Just like the sequence with the opening brief, respondent’s brief, and the reply brief, there is a sequence to the oral argument. Almost always the appellant goes first. Meaning, your attorney starts the oral argument. Once they are finished, the prosecutor will have time to argue, and the judges will ask him/her questions. Then, you have the last word. Meaning your attorney will have the ability to make any closing remarks or rebuttal arguments in your favor.

At Barhoma Law, P.C., we try to not just reiterate the arguments stated in the opening brief. We know the judges had a chance to read and digest those arguments already. Rather, we try to use this valuable time for oral argument to bring passion and emotion to your argument. We fight for you like we would our family. We seek to fix an error, and we use every possible methodology to pursue that end.

7. Petition for Rehearing (If Necessary)

Once the court of appeals hears your oral argument, they will take it into submission. From there, they will issue a ruling. If you do not like the outcome of that ruling, you can request a rehearing. There is a very short and strict timeline on this procedure. As such, we recommend you consult with your attorney immediately.

At Barhoma Law, P.C., we exercise this option where there was a deficiency in the process. Otherwise, we seek a petition for review with the Supreme Court.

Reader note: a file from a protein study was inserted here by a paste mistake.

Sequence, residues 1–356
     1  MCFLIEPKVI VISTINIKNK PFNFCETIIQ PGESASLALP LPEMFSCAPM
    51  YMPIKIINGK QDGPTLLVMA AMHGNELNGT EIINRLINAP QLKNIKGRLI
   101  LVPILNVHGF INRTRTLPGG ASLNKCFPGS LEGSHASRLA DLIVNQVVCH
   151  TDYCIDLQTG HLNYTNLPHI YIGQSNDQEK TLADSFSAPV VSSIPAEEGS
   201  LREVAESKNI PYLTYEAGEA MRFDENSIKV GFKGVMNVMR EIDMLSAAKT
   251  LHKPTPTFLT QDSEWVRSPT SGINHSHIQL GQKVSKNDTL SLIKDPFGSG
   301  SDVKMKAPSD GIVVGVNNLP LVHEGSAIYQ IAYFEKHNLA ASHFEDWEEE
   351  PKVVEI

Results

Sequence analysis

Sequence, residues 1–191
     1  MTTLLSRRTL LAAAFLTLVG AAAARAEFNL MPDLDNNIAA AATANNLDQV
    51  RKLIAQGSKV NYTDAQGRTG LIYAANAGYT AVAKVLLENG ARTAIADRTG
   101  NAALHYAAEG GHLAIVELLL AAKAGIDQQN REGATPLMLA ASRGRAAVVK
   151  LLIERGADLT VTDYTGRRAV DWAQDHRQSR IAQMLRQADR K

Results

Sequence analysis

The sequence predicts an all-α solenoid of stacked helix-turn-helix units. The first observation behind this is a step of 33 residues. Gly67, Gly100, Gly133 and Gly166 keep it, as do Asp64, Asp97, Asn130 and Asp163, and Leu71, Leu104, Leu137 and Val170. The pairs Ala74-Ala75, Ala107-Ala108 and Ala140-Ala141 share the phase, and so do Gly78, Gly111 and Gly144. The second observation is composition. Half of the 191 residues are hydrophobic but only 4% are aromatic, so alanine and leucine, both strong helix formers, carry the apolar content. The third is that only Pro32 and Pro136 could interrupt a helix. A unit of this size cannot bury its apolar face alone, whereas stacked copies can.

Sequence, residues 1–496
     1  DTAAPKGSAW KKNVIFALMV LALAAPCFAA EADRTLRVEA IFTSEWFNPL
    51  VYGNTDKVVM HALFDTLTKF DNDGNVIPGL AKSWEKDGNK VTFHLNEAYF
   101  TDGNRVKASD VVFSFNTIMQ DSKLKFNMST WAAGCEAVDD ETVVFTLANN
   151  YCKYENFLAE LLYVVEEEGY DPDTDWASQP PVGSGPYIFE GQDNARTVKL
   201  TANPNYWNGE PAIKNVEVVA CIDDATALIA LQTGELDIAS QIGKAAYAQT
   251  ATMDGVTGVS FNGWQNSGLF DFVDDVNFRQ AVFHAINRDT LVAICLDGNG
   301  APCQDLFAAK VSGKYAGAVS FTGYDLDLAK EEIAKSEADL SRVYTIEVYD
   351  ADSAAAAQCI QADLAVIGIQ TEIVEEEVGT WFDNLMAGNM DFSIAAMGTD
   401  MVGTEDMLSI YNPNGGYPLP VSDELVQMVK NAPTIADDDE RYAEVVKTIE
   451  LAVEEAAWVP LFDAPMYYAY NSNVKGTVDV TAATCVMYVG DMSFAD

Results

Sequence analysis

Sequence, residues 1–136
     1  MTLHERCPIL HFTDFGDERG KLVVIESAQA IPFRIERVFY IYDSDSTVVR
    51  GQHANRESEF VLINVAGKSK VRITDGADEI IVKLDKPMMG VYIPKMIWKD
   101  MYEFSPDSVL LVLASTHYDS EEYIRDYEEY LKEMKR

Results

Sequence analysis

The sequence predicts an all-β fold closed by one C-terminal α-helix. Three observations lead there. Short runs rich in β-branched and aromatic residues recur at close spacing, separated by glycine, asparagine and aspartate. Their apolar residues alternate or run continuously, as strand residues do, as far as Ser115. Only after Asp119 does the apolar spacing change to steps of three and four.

8. Petition for Review: The Supreme Court Appeal

Once the court of appeals hears your oral argument, they will take it into submission. From there, they will issue a ruling. However, if you do not like that ruling, or you do not have grounds for a rehearing, or a rehearing is denied, you can appeal your case to the Supreme Court. Please keep in mind that both you and the prosecution have this option. There is a very short timeline to seek a petition for review.

At Barhoma Law, P.C., we recommend seeking a petition for rehearing, as sometimes it is necessary for the Petition of Review to the Supreme Court.

Overall, this is the eight-step guide to your appeal. As you can tell, appealing a criminal conviction is a very legalized and detailed process. It is absolutely recommended that you retain the services of a skilled and artful appellate court lawyer. Retaining an attorney who is experienced in appellate law will reduce the stress of dealing with the filing deadlines and the overall appeals process. You can learn more about the appeals process by calling Barhoma Law, P.C., at (213) 800-7664 and scheduling a free consultation.